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Olduvai III: Catacylsm
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Wisdom, Experience and Just-In-Time Thinking

Wisdom, Experience and Just-In-Time Thinking

I try to remind myself each generation considers itself smarter than the previous iteration. If you follow the bouncing logic ball, this means the next (younger) generation believes itself smarter than its present day cohort. In essence the millennial generation of today feels superior to those older than them while simultaneously inferior to the pack nipping at their heels.

Call it a superiority/inferiority complex, though admittedly the superior portion leads the inferior since we are all immortal gods at that age. Soon enough that wears off, usually around 30ish when we begin to recognize vulnerabilities already present and obvious to all but ourselves.

Ultimately smartness or intelligence is a relative measuring tool. There is no doubt my nineteen year old college student rocket scientist is much more adept at deciphering mathematical equations or manipulating genomes than I am. But can she determine which way a tree will tend to fall before cutting it, or smell snow in the air long before it begins to fall?

I’ve written before about the tendency of a technological culture to breed, and reward, specialists while dismissing generalists out of hand as the decaying fossils of our time. And while those who pontificate such wisdom are not exactly wrong, neither are they precisely right.

Obviously I understand with complexity comes specialization. I get it. The company designing and manufacturing the latest central processing unit (CPU) essentially the ‘thinking’ brain of a computer, cannot expect one person to understand and execute the thousands of steps involved in creating the finished product. Efficiency and economy demands a better way forward and, for now at least, that way is via specialty.

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Is Obedience to Authority the Explanation?


QUESTION: Marty, your point is well taken that we instinctively seek a guru be it in forecasting or politics. We have to understand we are doing that in order to escape responsibility and are really followers. Do you have any idea why we do that so instinctively?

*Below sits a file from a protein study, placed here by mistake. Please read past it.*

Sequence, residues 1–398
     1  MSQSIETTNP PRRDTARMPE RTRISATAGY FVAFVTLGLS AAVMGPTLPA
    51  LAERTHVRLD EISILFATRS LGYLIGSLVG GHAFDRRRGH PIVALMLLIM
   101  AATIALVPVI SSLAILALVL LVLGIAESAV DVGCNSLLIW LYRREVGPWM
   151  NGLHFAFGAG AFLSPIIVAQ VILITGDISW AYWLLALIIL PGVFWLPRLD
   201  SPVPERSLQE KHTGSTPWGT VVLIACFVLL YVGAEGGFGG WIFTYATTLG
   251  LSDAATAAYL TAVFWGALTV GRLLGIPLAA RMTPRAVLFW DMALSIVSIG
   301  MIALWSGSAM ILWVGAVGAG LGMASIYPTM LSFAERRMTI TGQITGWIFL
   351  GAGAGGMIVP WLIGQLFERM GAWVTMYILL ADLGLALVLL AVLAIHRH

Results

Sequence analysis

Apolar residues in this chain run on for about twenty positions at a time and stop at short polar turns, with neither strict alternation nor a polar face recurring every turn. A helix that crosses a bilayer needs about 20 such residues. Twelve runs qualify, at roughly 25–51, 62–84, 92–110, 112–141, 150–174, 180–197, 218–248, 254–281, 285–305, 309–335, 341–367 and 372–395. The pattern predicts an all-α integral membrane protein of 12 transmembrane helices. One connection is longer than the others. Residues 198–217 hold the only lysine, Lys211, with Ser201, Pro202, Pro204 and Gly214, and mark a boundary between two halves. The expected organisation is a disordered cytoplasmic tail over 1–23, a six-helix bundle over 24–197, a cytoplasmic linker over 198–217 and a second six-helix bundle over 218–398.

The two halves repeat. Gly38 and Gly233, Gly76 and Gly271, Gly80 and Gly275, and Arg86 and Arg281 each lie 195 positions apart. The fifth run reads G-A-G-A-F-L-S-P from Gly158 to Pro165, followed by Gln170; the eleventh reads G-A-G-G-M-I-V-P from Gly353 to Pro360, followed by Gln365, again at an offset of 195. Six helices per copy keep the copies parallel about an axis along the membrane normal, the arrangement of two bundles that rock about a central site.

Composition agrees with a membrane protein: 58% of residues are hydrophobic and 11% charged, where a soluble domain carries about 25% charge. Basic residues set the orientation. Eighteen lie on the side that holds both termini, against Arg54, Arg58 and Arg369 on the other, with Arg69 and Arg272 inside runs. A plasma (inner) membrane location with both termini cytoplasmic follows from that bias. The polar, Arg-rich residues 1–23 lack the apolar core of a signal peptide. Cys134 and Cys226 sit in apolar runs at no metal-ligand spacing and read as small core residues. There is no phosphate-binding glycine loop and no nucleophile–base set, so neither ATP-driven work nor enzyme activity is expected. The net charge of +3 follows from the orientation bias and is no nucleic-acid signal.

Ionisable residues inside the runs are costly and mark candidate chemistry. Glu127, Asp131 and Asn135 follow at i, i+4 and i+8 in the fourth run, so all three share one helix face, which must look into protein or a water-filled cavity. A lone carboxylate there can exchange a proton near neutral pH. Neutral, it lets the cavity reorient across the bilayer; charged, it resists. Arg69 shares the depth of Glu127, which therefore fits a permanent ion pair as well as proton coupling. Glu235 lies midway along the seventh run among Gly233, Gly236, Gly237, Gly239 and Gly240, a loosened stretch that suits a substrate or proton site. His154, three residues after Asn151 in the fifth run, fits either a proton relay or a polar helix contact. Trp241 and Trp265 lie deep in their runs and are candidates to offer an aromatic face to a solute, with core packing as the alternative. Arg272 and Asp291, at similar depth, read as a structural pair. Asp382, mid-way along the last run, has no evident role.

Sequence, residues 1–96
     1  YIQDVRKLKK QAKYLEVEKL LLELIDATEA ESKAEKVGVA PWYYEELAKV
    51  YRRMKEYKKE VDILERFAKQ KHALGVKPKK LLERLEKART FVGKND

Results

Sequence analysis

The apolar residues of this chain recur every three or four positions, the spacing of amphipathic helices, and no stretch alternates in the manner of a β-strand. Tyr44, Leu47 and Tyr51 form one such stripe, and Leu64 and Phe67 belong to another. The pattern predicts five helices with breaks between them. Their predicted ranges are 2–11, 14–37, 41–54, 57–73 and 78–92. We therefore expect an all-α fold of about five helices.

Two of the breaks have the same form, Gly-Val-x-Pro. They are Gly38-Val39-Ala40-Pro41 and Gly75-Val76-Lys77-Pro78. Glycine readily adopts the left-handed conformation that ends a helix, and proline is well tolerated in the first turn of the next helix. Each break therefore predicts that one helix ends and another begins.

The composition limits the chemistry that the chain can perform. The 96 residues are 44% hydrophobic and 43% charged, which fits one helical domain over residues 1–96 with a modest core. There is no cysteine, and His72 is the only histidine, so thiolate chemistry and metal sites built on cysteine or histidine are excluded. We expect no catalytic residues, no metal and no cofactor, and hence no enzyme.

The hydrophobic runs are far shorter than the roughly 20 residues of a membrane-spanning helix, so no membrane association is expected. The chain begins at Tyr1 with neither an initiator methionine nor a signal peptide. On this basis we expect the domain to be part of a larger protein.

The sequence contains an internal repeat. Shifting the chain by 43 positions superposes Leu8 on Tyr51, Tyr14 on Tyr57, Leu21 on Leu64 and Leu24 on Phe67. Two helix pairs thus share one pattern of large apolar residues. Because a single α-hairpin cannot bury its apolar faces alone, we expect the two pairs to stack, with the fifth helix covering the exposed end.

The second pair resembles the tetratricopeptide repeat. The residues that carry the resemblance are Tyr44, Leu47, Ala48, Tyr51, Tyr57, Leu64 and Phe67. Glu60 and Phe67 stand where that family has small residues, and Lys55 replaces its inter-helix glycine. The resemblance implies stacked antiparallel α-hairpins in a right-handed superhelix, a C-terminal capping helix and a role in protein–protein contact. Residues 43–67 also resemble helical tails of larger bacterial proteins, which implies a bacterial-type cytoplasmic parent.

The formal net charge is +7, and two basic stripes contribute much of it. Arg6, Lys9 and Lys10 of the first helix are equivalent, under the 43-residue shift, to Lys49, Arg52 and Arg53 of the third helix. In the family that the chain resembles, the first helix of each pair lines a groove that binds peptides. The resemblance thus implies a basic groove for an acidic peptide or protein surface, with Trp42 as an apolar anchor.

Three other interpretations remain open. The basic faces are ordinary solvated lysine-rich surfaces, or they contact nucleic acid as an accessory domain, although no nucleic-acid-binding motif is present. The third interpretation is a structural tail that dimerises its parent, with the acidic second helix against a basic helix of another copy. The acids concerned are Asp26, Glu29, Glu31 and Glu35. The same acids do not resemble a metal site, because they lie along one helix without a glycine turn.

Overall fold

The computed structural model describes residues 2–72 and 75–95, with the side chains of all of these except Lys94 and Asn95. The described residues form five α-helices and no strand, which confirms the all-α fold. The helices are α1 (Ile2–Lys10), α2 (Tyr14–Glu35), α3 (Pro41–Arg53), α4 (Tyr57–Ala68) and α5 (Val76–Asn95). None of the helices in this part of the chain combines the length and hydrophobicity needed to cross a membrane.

ANSWER: No. Perhaps it stems from the same concept that, as they say, if God did not exist, man would create him. Being a guru implies that you know everything about everything. It seems that the general expectation of a guru, appears to be defined as having some special access to some inner source of all-seeing, all-knowing, wisdom that, if mere mortals could only get close to, then all would be well. This does seems to have infected both analysts and politicians. Even in politics, society applies the same guru stupidity. Once a politician says one thing, they cannot possibly change positions. They will search someone’s statements 30 years ago to argue that was he real view. The press imposes this standard or never reversing a thought. It is curious.

Yet, it is strangely evident that we all change our opinions with time, for as time passes we gain experience and that is the foundation of knowledge. Perhaps we just do not want to think. Religion is an overpowering factor that often stops people from critical thinking and applying logic. If all religions assert that killing is a sin, then why is it OK if you are working for government as a policeman or a soldier as long as some higher-up orders you to do kill someone? The Germans put on trial after World War II said they were just following orders. Perhaps this is really just the “Obedience to Authority” as discovered by Stanley Milgram, whoi was inspired by those Germans saying they were just following orders.

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Wisdom: Re-Tuning for a Sustainable Future

Mankind achieved civilization by developing and learning to follow rules that often forbade to do what his instincts demanded…Man is not born wise, rational and good, but has to be taught to become so. Man became intelligent because there was tradition (habits) between instinct and reason…

Friedrich Hayek
The Fatal Conceit, 1988

Gross National Product does not allow for the health of our children, the quality of their education, or the joy of their play. It does not include the beauty of our poetry or the strength of our marriages, the intelligence of our public debate, or the integrity of our public officials.

Robert Kennedy
Speech, University of Kansas, March 18, 1968

Below is a slightly adapted excerpt from The Well-Tuned Brain: Neuroscience and the Life Well Lived by Peter C. Whybrow, MD.


It is abundantly clear that humanity must shift its modern view of progress and relationship with nature if we are to have any hope of living sustainably on this planet. But in completing the jigsaw essential to reimagining progress, and regaining balance within the natural ecology, it is necessary to understand the roles that biological and cultural evolution play. In our social evolution as a species, biology and culture run on parallel tracks, but they do so at different speeds. Thus biology, quickly and disruptively, can be outpaced by cultural change. As I have detailed in The Well-Tuned Brain, a significant number of the challenges that we face in the developed world are rooted in this mismatch.

To better grasp how this puzzle comes together, I take you back to a primary source of knowledge about evolution. In the Pacific Ocean, straddling the Equator approximately 600 miles off the coast of Ecuador is found the Galápagos archipelago. This remote collection of volcanic islands, as Charles Darwin described them when he traveled there, is “a little world within itself.”

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Olduvai IV: Courage
In progress...

Olduvai II: Exodus
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